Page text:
The demographic for country music in the USA is largely conservative and republican, and the fans of the Dixie Chicks did not take kindly to the stars’ comments. There was a widespread spontaneous boycott of their music and they were even subjected to numerous death threats. It took the act a decade to recover, and they have never quite returned to their former level of popularity.
Music is often used in political campaigns. During recent presidential election cycles in the US, artists such as (liberal democrat) Bruce Springsteen have had to formally request that the opposing political party cease use of their songs in their rallies. Movie stars, such as Adam Sandler and Clint Eastwood, have donated large sums of money and even appeared in rallies and conventions for the Republican Party. While many fans don’t necessarily care about politics and still patronize the performances, there are others who will choose not to buy the concert ticket or visit the theater because they don’t share the political views of the celebrity in question.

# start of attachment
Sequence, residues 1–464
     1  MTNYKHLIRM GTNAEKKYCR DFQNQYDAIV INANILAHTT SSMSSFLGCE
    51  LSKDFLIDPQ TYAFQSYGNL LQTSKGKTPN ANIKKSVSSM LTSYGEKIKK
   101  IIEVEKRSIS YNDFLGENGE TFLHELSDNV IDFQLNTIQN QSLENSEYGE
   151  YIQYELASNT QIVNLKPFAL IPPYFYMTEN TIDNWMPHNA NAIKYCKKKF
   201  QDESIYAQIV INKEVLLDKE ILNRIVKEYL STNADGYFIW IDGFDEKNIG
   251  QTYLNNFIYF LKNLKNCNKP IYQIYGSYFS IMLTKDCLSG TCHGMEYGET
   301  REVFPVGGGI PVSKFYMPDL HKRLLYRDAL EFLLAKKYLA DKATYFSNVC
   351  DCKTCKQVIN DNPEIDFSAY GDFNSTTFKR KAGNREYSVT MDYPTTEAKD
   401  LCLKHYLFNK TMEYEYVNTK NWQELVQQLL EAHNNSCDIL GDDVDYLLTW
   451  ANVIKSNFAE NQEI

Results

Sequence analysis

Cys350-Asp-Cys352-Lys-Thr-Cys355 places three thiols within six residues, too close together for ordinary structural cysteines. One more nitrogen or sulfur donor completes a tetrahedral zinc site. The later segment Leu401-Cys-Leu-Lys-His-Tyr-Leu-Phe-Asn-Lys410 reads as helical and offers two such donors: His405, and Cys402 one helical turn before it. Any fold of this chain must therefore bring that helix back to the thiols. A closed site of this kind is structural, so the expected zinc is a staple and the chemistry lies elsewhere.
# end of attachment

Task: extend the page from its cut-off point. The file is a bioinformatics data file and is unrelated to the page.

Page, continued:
There are two possible ways to view the celebrity as activist. Both views are valid. From the perspective of the celebrity, perhaps it could be seen as a responsibility to use their fame to raise awareness and support for a cause. They care enough to lend their reputation and image to the support of the cause, even if it risks alienating a portion of their demographic. From the perspective of the audience, we go to the concert to be entertained. Why should we care what some musician or sports figure believes or is concerned about?
I think the problems develop when the causes are polarizing in any way. Celebrities aren’t politicians (in most cases), nor should they behave like politicians. In the case of political causes, it might be wiser from a branding perspective to lend quiet support, perhaps donating money anonymously or appearing at private events in support of the cause. The celebrity should always be true to the base of their popularity, and strive to maintain focus on the essence of their brand. Public support of political causes can dilute that focus.